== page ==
| ||Format||Pages||Price|| |
|PDF (604K)||12||$25||  ADD TO CART|
|Complete Source PDF (4.4M)||189||$55||  ADD TO CART|
Cite this document
There are approximately 2,100 bridges in the Metropolitan area of New York City; 842 of the bridges, counting over 4,500 spans, are the responsibility of the City administration. According to New York State inspection records, 56% of these bridges are rated less than 4.5 on a 7 grade system. This is regarded by the New York City Department of Transportation (NYC DOT) Bridge Bureau as an indication of the need for structural repair of some magnitude. In the situation involving 42% of the City's bridges, a ten-year, $3.5 billion program envisions complete rehabilitation. A recent NYC DOT study examined the remaining 58% of the bridges and concluded that considerable structural repairs are necessary in order to avoid the need for premature rebuilding of that portion as well.
A further step is the identification of structural components requiring repair or replacement, and the optimal frequency of such measures. A program for component rehabilitation is expected as a result of this study. The elimination of certain problem-prone structural components from future design can be considered as well. Ultimately, schedules for timely repairs can be generated in order to extend the useful life of a bridge. This is viewed as a supplement to the New York City Preventive Maintenance Program which is already applied to bridges in good condition. The following structural components emerge as the primary sources of problems on most of the bridges:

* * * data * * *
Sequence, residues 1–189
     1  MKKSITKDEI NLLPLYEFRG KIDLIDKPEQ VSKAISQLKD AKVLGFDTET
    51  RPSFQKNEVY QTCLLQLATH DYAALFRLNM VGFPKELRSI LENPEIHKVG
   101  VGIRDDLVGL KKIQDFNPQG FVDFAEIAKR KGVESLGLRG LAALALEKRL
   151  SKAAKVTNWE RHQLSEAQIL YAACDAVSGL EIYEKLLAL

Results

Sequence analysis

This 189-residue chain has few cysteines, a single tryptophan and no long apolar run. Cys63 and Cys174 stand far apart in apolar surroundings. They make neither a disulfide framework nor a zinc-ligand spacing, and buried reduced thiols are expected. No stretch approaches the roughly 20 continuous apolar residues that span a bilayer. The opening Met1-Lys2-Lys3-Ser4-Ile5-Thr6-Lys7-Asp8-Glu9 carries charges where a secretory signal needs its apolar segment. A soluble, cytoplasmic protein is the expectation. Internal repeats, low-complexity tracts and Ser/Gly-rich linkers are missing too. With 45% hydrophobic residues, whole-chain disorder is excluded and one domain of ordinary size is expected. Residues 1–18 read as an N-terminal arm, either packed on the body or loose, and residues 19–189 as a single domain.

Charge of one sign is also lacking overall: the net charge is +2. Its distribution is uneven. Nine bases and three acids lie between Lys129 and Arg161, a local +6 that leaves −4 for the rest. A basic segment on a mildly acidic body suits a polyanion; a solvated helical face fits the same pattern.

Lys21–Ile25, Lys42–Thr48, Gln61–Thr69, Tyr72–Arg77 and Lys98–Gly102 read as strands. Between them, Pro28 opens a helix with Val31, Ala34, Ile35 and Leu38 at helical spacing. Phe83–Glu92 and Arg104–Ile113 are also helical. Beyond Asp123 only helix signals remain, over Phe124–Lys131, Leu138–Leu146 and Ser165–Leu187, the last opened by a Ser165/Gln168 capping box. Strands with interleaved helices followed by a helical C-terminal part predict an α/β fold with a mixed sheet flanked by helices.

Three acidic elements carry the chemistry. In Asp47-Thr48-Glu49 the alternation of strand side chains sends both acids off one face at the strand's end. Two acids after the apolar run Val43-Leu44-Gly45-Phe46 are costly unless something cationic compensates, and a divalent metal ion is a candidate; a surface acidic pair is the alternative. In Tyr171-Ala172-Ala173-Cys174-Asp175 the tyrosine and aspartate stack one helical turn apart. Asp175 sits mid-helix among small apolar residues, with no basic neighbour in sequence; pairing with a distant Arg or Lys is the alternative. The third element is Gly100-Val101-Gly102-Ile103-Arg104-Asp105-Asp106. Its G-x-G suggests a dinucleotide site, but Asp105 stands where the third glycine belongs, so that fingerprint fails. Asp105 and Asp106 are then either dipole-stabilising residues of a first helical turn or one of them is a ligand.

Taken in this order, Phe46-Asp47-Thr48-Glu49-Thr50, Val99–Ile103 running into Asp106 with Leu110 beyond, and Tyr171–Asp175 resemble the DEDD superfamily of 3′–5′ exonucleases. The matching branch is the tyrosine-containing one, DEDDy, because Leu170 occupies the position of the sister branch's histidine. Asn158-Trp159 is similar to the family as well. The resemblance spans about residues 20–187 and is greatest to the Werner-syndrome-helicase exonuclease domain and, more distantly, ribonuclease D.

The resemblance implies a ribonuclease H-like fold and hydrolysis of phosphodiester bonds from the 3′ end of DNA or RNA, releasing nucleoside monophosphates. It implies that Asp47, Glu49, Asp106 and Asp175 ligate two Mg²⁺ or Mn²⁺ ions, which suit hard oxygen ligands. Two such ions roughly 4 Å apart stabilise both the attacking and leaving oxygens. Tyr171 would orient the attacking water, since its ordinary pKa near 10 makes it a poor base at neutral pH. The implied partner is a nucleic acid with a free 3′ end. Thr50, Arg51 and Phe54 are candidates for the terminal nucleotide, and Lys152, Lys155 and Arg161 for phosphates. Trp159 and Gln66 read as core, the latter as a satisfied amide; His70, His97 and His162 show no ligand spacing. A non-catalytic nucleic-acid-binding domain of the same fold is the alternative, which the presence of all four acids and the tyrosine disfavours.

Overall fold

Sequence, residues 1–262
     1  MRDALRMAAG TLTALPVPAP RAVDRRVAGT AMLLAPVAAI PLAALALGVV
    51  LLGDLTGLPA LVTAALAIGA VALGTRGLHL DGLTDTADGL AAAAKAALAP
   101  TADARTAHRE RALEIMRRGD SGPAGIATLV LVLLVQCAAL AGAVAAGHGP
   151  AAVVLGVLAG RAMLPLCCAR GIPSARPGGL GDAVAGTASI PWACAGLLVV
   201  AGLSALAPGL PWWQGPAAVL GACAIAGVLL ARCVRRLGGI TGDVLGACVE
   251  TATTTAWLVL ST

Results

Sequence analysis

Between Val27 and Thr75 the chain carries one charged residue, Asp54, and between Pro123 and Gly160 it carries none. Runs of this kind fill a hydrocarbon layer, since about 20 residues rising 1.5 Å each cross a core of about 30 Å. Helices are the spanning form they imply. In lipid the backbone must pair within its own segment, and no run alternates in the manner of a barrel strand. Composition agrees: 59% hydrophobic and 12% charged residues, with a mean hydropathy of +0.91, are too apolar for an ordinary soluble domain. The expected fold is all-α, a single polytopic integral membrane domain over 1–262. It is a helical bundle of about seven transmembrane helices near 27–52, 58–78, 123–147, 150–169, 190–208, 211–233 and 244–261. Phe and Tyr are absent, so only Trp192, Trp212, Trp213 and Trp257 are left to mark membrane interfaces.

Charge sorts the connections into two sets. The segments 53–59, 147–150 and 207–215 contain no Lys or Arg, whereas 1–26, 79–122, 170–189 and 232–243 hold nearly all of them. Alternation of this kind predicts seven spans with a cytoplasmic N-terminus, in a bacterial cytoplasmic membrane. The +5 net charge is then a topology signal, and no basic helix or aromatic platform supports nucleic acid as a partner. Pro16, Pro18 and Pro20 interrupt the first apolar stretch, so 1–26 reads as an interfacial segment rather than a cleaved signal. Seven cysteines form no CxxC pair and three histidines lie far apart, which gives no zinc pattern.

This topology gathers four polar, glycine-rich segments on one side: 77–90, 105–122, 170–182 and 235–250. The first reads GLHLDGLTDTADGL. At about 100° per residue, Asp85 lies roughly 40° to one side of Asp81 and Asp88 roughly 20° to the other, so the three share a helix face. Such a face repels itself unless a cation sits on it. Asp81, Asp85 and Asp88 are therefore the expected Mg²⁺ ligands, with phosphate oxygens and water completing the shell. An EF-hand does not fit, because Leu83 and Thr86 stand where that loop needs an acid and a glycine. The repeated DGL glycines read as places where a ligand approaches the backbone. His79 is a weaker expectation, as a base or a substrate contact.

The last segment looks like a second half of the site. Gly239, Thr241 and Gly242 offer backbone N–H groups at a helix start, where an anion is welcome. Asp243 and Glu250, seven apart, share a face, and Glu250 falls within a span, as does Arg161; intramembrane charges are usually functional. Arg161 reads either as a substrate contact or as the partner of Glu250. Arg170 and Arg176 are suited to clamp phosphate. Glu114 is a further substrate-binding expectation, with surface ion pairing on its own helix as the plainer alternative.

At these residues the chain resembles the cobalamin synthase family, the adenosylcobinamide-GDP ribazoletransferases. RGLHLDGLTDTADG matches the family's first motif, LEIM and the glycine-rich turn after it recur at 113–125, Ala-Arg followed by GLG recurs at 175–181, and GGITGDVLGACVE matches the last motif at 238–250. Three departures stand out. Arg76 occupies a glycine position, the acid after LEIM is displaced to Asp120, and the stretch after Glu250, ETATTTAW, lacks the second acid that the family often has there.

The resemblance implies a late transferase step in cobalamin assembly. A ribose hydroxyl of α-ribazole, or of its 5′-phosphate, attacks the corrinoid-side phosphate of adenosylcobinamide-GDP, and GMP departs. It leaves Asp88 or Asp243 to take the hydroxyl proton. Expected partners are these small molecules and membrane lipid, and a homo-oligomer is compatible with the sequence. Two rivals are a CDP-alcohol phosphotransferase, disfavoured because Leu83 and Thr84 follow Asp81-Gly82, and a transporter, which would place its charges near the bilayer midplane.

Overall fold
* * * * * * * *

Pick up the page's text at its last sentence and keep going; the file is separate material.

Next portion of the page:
Joints—Approximately 90% of the structural deterioration is concentrated in the vicinity of joints and is precipitated by joint failure. Experience suggests that “the only good joint is no joint.” Yet joints are inevitable and their maintenance while still in serviceable condition is vital to the structure as well as to traffic.
Drainage—More than 60% of the bridge drainage systems are rated “not functioning as designed.” This results in saturating bridge decks and the entire superstructures with water and de-icing salt, causing rapid corrosion.
Wearing Surface—Deck—The deck and wearing surface, frequently monolithic in recent years, are the first to suffer from the malfunctioning of the above components. Further, they are subjected to the increasingly severe dynamic loadings due to the growing volume and weight of traffic.
The consequences to the bridge structure are grave. Concrete piers crack, spall and fail due to the dynamic loadings. Steel members crack under the combined effect of fatigue and corrosion. In all of these cases, problems originate at the roadway surface and rapidly propagate throughout the structure. The progress of this path of rapid deterioration is traced for several bridge types frequently encountered in New York. Measures used with limited success in mitigating the surface and structural deficiencies are described.
bridge surface, decks, drainage, dynamic load, failure, fatigue, grating, impact, joints, superstructure
Assistant Commisioner, AC Bridge Inspection/R&D Unit, Bureau of Bridges, New York, NY